Coping

What was good about your day?

After noticing that our evening conversation usually ended up in a muddle of work-related details that neither of us really wanted to rehash, Hart and I changed the daily conversation by changing the question we ask each other. Instead of asking how each other’s day was or what happened that day, we ask what was good about the day.

We noticed a change immediately. Instead of digging into the nitty gritty of the day or focusing on frustrations, we’re both cheered by talking about the good parts of the day. If either of us encountered a major frustration in the day, we still talk about it, but the small irritations rarely get air time. The whole tone of the evening feels different when we start by sharing the good parts of our day.

Although we made this change years ago, it’s been particularly valuable in the last year. When daily life has a constant high-stress undercurrent (with spikes of even higher stress), it can be hard to see the bright spots. Sometimes we have to look extra hard, but we always find them.

I’ve taken to asking friends this same question, usually by text, and it’s been a great way to connect. I started with a friend who has chronic migraine and was going through a particularly rough spell with depression and anxiety on top of it. I know how hard it is to see the good in times like that and was worried she was bogged down by the grief. She appreciated the prompt to look for something positive in the day and now regularly texts me the same question. Sometimes it’s hard to answer, but I’m always grateful for the reminder to look for the good. And now I regularly ask the question of even more friends. It’s a great way to connect and usually provokes a smile.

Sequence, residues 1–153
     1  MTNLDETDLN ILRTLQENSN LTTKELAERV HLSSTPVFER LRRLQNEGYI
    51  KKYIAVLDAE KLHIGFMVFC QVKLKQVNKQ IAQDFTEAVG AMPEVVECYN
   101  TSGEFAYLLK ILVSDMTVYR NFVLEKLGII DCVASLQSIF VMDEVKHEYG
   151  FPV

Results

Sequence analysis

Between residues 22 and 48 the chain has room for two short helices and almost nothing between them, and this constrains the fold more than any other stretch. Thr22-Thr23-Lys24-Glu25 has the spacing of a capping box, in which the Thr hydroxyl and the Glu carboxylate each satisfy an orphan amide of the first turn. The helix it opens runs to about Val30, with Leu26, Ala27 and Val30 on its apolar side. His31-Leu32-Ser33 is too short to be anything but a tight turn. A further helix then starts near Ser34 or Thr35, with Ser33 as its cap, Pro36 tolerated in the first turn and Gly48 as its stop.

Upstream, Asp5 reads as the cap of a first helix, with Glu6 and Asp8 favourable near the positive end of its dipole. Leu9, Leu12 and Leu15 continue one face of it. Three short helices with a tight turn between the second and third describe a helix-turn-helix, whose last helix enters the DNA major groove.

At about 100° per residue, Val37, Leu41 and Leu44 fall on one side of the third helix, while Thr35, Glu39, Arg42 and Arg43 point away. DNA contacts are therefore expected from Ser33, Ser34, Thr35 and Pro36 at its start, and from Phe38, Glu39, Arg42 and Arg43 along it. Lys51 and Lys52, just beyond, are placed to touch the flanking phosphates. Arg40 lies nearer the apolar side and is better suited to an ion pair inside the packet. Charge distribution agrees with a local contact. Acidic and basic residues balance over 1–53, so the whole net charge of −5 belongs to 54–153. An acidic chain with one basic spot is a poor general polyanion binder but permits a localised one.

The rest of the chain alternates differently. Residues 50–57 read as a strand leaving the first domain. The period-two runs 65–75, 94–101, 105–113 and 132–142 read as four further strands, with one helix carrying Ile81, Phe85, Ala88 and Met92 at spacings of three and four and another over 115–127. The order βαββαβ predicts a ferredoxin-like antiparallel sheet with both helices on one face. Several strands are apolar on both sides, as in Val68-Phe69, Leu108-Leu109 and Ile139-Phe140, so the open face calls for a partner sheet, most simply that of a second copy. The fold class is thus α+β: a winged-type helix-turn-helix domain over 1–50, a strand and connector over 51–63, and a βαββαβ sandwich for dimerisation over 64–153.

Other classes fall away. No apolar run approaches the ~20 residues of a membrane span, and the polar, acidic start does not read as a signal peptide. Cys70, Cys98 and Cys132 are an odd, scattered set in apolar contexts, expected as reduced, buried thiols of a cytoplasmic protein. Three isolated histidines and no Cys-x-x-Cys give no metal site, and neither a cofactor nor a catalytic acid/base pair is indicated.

Why am I telling you this today? Yesterday was a hard day for both Hart and me and we forgot to ask this question. Talking about what was good about our days wouldn’t have negated the bad parts, but we both could have used the levity. I missed it and I felt the heaviness even as I went to sleep. I can’t know for sure if I would have felt lighter if we’d remembered to tell each other the positive parts of our day, but experience shows I probably would have.

What’s been good about your day today?

Photo by Aaron Burden on Unsplash
Coping

I am: Identity and chronic illness

The emotional weight of migraine has been especially heavy for me in the last month and, really, in the last year. The morphing and unrelenting stress has ratcheted up my migraine attack frequency and the attacks often include depression-like symptoms. My thoughts have swirled around how small my life feels and how much unrealized potential migraine has left me with.

It was the perfect time to watch In & Of Itself, a film adaptation of an off-Broadway show that’s now available on Hulu. This description from Linda Holmes on NPR is better than any summary I could write: “It’s about seeing people and being seen by them, and about how your own narrative of who you are — I AM a novelist, I AM a gamechanger — collides with stories about who you are that you didn’t get to write.”

“I AM” in the quote refers to cards that audience members choose at the start of the show. They are arranged on a wall and include an array of identities a person could align with: tourist, organizer, leader, mother, life of the party, entomologist…

As the identities came up throughout the show, I couldn’t help but wonder which I would choose. Truth-teller, resilient, and authentic were top of mind. But then I thought about what identities others would choose for me. Would sick be at the top of the list? It feels these days like that’s all anyone can see of me. Or is that illness feels like it dominates my life and because it’s all that I see of myself, I’m projecting that onto everyone around me?

I know that if I asked my loved ones to describe me, sick wouldn’t be the first thing anyone said. It would be present, but as an addendum. They’d say I’m a kind, driven optimist whose ambition has been constrained by migraine. Or that I’m so resilient and determined that I’ve learned how to live as well as possible despite the many challenges of chronic migraine. I know this because people have told me so. And yet.

Even though I do believe them, the pall of migraine covers everything right now. I am not migraine. I do not want to be defined by migraine. I felt like I had a good grasp on the difference between migraine and me when I wrote about this very topic on Migraine.com in Is migraine part of my identity? Yet, here I am, just a few months later, feeling flattened by migraine once again.